• You’re spot on, Dave. Your words remind me of Jesus’ parable that tells us when we plant a seed, we participate in a process we can’t comprehend. The process happens “by itself” (see Mark 4:26–29). Just as God programmed a seed to sprout by itself, and we have no clue how, so he does the same with his kingdom plan in the world. The process as Jesus described it—“first the blade, then the head, then the mature grain”—suggests a progression of steps, none of which we can hurry, skip, or delay. We can only wait. Jesus also spoke about a tiny mustard seed that, “though it is smaller than all the seeds that are upon the soil, yet when it is sown, grows up and becomes larger than all the garden plants” (4:31–32). God’s plan is progressing in spite of its seeming insignificance now. God’s kingdom work seems like a mustard seed. Small, insignificant, and ineffective. But God works in ways that human eyes can’t see. He is sowing seeds that await a certain harvest. Jesus’ parables reveal that what seems hidden today will one day become visible to all.

  • Breitnica Mascarenhas

    Thank you Wayne…Nice post…I’ll really work on it

    • You’re welcome, Breitnica. We all need to work on it, don’t we? Thanks.

  • teagustavsson

    Isn’t the ultimate sin wanting to control everything? Not being humbled (and loved) by having to trust the Lord and staying close to Him? That’s where the progress bar comes in. Being loved and cared for by someone much bigger than ourselves is scary once you realize that that relationship can be broken. Our existence after the fall is a scary one and most of us spend the rest of our lives learning to trust again.

    • I’m not sure the Bible defines the ultimate sin, but the greatest commandment is to love the Lord with all our heart, soul, mind, and strength. We can only love God when we realize that He first loved us and gave His Son, Jesus, as a sacrifice for our sins. There’s no need to fear separation from God. I believe this post can offer you some much-needed encouragement.

  • I just preached a message on intimacy with God and collecting the needed oil to sustain us when He doesn’t show up when we expected Him to show up and do what we wanted done.

    http://www.destinychurchjacksonville.com/messages/226-got-oil-or-the-wisdom-of-the-5-wise-virgins/audio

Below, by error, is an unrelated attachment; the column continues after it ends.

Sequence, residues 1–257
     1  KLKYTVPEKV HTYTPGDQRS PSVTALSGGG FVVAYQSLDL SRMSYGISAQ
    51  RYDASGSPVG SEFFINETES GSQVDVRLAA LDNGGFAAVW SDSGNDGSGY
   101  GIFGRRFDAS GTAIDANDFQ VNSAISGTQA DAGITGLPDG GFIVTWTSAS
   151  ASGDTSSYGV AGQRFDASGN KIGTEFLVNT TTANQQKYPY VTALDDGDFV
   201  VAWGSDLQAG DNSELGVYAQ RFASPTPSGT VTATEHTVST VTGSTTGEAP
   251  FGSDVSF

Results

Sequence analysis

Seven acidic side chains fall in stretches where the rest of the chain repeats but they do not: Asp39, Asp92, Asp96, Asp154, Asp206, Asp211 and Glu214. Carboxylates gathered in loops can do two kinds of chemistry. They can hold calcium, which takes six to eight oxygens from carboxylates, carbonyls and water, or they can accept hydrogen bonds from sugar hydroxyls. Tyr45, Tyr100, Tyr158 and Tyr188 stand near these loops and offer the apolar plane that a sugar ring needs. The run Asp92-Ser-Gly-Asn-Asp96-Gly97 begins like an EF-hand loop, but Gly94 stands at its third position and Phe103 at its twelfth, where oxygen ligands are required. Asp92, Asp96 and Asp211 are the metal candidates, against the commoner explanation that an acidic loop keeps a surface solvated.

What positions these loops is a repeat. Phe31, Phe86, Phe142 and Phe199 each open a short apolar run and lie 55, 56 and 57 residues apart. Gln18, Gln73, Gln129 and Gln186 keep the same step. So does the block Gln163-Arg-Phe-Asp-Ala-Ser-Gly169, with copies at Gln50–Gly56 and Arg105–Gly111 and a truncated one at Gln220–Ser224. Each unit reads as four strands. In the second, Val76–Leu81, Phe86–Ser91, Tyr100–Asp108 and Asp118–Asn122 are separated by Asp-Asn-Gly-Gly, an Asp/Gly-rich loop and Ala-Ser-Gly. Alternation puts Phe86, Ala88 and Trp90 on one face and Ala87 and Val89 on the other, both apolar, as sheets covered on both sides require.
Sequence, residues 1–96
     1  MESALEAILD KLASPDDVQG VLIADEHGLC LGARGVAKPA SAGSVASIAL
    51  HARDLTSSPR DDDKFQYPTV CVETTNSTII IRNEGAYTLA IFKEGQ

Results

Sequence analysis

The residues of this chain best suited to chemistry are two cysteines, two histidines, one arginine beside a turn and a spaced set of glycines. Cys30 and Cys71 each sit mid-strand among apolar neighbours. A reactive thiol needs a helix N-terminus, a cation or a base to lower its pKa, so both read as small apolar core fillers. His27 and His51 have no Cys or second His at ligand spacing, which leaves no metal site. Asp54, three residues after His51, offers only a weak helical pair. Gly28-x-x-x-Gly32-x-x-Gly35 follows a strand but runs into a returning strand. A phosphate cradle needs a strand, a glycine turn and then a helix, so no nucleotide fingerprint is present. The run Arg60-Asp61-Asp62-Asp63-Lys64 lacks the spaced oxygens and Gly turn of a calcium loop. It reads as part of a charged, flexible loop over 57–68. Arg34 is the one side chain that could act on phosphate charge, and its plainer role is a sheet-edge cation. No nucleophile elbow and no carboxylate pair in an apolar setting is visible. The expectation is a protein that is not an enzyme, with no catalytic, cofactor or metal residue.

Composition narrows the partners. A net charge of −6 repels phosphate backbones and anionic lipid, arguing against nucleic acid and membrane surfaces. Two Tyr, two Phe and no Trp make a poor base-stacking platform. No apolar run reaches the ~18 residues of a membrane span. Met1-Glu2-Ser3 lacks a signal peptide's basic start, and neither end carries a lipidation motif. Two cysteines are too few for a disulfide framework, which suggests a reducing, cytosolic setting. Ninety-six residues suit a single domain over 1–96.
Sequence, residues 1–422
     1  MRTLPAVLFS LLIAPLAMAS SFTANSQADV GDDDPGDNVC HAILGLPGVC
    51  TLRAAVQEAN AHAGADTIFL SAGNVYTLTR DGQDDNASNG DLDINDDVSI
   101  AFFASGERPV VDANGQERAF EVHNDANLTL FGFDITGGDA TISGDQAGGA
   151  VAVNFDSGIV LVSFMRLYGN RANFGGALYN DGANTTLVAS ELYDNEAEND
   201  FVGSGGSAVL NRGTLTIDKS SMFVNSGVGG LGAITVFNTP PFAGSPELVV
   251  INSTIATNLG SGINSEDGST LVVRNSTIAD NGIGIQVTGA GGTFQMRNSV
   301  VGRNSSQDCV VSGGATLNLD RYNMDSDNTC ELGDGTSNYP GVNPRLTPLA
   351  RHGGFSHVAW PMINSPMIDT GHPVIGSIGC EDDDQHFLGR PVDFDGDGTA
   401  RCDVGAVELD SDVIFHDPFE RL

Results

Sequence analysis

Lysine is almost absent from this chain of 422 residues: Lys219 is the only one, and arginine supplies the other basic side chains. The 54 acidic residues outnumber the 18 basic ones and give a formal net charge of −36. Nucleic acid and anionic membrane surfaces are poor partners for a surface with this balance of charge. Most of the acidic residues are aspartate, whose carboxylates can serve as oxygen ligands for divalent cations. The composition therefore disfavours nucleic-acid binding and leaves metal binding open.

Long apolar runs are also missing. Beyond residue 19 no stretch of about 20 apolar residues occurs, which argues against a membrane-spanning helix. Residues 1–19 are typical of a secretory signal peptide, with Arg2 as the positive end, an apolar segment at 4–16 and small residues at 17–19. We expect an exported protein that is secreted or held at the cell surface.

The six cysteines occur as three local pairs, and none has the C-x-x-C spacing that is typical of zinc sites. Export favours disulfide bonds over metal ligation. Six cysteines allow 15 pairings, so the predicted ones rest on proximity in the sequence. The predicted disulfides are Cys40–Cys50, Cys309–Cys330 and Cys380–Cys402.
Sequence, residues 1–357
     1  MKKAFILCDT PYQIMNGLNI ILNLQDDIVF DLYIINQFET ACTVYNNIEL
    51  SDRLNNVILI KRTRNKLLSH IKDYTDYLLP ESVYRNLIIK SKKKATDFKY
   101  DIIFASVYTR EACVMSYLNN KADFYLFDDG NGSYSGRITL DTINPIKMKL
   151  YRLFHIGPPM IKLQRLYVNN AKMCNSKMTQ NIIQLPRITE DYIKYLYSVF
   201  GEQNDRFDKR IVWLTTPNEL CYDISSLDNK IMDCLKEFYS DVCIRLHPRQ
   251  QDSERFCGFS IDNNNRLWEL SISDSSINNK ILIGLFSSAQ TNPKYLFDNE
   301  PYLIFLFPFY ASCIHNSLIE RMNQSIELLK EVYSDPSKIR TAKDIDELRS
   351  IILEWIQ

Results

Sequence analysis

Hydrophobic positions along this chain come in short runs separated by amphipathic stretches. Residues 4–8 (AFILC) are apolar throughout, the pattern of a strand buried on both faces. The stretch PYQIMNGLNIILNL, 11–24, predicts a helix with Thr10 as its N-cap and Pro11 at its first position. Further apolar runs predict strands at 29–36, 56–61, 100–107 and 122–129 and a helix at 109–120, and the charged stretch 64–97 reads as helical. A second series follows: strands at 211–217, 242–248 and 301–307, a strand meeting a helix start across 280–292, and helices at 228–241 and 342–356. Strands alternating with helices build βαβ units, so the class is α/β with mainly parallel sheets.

It is having the relationship with God that helps us trust through the time of delay, not coming on our schedule, or fulfilling our “Messianic expectations.” God’s time is much wiser than our microwave-western-society’s idea of time. I praise God that He does not reveal His progress bar to us. That would be problematic in so many other ways.

    Thanks Wayne. I appreciate your attention to the Spirit.

    • Great thoughts here, Mitch. Really appreciate you taking a moment to include them here. God bless you in your significant ministry for Him. Thanks.

  • Dean

    Hmm, interesting analogy with a visual context. I guess I’m of little faith because I’d like to see the progress bar or at least an auto-acknowledgement that my request has been received. Yes, I know He hears every prayer and that He is faithful. Still ….

    • I understand, Dean. Walking by faith, it sometimes helps to have that faith boosted with flesh and blood reality. I have found that if I’m alert, I’ll see God’s hand encouraging me in ways I couldn’t have anticipated and in ways that could not be coincidence.

  • Kasey

    My thoughts are that we are human. We are in a time where if we can have control we want it and if we can’t have control we run from it. We want to know where our life is headed. In our minds we feel we deserve to know; especially if we can’t control it. I think this is why we pray for signs because after so long we start to doubt and lose hope.

    • That’s very insightful, Kasey, and I agree. I think one day we’ll be very grateful that God in His strength refused our impatient pleadings to have answers, because He knew we’d give up if He gave them. Instead, He promises to walk beside us in our confusion and develop our faith. God bless.

  • Michelle thick

    Oh my gosh I would love one. Us humans don’t like the unkown but God is God. I get frustrated and cry to God and it doesn’t help. But knowing he is there and loves me helps. And having the blessing of reading your reads helps keep me stay focused. Thanks so much Wayne.
    God Bless

    • At times I think I would love to know how long I must wait, but I also would get very discouraged if I knew the truth. Only heaven will show us how much God’s greatest answers to us were to say nothing at the time. God bless.

  • ARM BAR

    That’s very interesting example Wayne,but yes that’s actually what i expect God to show,the progress bar,i was thinking about doing something else while waiting but sometimes i’m scared and weary Wayne and doubt start to enter my mind and begin to cry out again to God to show me at least something ,yes He may be will say something when he is done, but the waiting time seems like forever and without an ending,some people say that God may be testing me, but i really don’t know exactly whether God is testing me or not ,this is a good illustration Wayne and perfect time,Thank you.

    • You’re welcome–and yes, we all need encouragement as we wait on God. You’re definitely not alone.

  • Stephen White

    I think as humans we want to know when our jobs are done.

    But with God our jobs are never done because we are all imperfect, only Christ is , and He is the only one who can show us the way!